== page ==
Matthew Bourne’s Sleeping Beauty

Apr 14 2023 | By More

★★★★☆     Enchanting

Festival Theatre: Tue 11 April – Sat 15 April 2023
Review by Suzanne O’Brien

New Adventures’ magical production of Sleeping Beauty, at the Festival Theatre all week, tells the timeless tale of Princess Aurora with a modern gothic twist that has you hooked from the start.

Directed and beautifully choreographed by Matthew Bourne, the production is filled with dark and sinister aspects and intense action, not something now associated with Sleeping Beauty thanks to its popular Disney film adaption. This interpretation with gothic elements is arguably truer to the essence of the original tale.

A scene from Sleeping Beauty. Pic: Johan Persson

The story begins in 1890 with baby Aurora who is cleverly puppeteered in a way which highlights the mischievous nature of the child and is made all the more comical as exhausted staff members and Nanny (Daisy May Kemp) work tirelessly to control her. Kemp’s comedic timing and storytelling particularly shines in this opening act.

There is a slightly creepy and supernatural feel as Aurora scales the gold curtains and this feeling intensifies with the introduction of the troupe of the good fairies led by Count Lilac (Paris Fitzpatrick) and the evil dark fairy.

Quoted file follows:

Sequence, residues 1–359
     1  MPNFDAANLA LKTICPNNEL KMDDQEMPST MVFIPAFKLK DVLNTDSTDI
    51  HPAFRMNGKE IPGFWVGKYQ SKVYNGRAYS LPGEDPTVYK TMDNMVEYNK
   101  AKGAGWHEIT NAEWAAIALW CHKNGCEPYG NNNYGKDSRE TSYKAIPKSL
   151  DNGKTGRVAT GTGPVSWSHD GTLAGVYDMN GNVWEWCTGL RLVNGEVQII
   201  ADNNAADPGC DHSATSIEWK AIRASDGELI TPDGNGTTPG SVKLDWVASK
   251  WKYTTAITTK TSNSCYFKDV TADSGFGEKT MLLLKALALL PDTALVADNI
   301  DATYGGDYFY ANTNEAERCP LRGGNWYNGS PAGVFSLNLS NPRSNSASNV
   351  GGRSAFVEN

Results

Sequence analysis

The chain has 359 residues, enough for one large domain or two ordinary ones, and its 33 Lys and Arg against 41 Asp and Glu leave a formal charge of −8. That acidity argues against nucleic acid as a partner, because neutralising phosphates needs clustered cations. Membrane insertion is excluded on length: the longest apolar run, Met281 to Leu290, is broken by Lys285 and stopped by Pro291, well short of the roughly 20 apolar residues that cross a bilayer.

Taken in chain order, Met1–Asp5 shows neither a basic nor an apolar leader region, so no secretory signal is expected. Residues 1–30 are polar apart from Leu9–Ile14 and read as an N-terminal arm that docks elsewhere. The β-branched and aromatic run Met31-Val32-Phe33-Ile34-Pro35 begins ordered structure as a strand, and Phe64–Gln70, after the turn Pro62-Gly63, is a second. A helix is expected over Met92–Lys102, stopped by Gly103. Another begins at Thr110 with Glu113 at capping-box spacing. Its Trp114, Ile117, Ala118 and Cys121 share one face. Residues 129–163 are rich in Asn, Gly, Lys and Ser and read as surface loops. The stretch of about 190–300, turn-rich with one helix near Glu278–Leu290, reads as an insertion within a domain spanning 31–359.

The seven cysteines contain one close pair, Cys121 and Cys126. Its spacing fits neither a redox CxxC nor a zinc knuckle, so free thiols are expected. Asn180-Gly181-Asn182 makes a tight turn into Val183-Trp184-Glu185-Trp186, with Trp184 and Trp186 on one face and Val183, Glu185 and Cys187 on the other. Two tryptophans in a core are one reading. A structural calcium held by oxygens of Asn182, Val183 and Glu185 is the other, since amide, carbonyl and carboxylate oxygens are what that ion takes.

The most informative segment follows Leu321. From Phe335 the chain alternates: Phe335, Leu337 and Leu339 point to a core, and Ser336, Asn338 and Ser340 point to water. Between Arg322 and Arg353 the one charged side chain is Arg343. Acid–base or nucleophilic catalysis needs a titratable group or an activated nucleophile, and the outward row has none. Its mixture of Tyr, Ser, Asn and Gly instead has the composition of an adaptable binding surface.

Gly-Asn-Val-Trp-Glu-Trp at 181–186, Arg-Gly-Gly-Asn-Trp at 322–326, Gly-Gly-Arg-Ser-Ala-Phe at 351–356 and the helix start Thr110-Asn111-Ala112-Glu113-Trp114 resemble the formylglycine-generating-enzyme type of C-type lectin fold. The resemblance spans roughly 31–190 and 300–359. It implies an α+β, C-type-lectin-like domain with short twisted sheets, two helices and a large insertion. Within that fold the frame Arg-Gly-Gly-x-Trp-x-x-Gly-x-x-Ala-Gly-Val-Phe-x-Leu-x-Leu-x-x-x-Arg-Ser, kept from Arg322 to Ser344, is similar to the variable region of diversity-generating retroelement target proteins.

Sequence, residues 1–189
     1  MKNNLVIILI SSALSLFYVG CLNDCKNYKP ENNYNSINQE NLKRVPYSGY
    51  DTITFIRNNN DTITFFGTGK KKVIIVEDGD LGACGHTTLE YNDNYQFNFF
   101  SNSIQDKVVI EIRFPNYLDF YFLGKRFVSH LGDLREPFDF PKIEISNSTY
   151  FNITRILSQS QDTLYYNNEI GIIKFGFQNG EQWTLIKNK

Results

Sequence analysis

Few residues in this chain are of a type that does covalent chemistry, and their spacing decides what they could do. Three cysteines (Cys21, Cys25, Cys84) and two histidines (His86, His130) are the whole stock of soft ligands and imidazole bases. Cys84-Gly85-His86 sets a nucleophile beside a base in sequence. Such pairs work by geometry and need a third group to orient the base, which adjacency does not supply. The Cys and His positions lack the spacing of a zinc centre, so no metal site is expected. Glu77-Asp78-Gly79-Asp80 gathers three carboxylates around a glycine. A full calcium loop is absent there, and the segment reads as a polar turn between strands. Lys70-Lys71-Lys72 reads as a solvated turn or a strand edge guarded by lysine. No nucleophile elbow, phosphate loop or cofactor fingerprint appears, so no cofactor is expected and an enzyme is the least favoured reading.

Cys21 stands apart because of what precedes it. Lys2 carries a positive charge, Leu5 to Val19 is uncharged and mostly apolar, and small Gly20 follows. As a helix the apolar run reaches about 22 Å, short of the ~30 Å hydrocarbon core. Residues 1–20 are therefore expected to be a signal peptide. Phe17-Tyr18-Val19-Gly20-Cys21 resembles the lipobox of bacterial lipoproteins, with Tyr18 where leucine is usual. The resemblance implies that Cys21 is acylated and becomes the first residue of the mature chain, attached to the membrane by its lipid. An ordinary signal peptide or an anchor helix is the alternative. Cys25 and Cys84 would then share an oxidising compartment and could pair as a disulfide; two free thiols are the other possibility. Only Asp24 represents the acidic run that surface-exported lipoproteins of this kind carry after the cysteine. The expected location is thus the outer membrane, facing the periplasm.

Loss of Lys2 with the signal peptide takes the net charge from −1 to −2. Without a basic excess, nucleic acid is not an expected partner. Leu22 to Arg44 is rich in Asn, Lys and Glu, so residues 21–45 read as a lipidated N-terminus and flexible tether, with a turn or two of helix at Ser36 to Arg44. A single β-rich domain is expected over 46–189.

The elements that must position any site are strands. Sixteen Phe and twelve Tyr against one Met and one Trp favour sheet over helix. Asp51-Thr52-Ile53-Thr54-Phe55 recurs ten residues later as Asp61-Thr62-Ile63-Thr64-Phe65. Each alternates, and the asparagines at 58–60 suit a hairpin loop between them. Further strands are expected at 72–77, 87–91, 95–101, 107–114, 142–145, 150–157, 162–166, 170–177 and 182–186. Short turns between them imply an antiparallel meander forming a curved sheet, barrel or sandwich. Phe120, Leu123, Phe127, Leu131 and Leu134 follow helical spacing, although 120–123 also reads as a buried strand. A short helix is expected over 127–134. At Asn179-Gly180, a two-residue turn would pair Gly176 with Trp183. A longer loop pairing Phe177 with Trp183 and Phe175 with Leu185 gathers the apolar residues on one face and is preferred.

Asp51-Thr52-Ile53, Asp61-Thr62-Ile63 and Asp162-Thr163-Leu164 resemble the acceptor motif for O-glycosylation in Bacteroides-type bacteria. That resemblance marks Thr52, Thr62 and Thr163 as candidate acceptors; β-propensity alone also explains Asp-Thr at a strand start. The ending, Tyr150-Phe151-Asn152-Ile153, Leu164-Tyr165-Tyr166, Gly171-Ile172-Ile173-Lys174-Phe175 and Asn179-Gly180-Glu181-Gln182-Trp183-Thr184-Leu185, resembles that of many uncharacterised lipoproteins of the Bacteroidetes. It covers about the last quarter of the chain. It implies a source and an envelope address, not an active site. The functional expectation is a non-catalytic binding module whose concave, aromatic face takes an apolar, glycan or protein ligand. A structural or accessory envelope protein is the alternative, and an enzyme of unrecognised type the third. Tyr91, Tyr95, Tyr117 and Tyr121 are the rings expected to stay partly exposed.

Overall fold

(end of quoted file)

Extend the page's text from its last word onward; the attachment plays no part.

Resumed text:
As Aurora comes of age, an innocent love blossoms between Princess Aurora – performed with bright and youthful energy by Cordelia Braithwaite – and the handsome Gamekeeper Leo (Rory Macleod). Yet the story that surrounds them is far from innocent and features a curse which lasts 100 years, really putting the young lovers’ connection to the test.

A scene from Sleeping Beauty. Pic: Johan Persson

The dark fairy Carabosse and her son Caradoc both played fantastically by Ben Brown in this production with an assertive command, juxtapose greatly with the delicacy and sweet nature of the two lovers. Brown is creepy in both roles, but particularly as Caradoc who is trying to seek revenge for his mother, as he simultaneously attracts and repulses in his interactions with Aurora.

Bourne at his best

The lavish set and detailed costume design by Lez Brotherston is quite stunning and easily moves from the late 19th century to the modern day. The incorporation of travelators only adds to the mysticalness of the performance and they are integrated seamlessly with the choreography. In addition to a mirrored set design – which gives the illusion of an expansive space – other clever set choices bring a sprinkle of fairytale magic.

Set to Tchaikovsky’s score, this Sleeping Beauty is a blend of classic ballet and modern dance yet it is still, at its core, a story of good versus evil. But Bourne’s adaption is particularly thrilling for his unexpected twists and turns, the elements of seduction and its sex appeal. Particularly in Act 4’s sultry nightclub-esq scene in which is Bourne at his best.

Running Time: Two hours 10 minutes (including one interval)
Festival Theatre, 13/29 Nicolson Street EH8 9FT.
Tue 11 – Sat 15 April 2023
Evenings: 7.30pm, Mats Thurs, Sat: 2.30pm.
Tickets and details: Book here.

A scene from Sleeping Beauty. Pic: Johan Persson


Tags: , , , , , , , , , , , , ,

Comments are closed.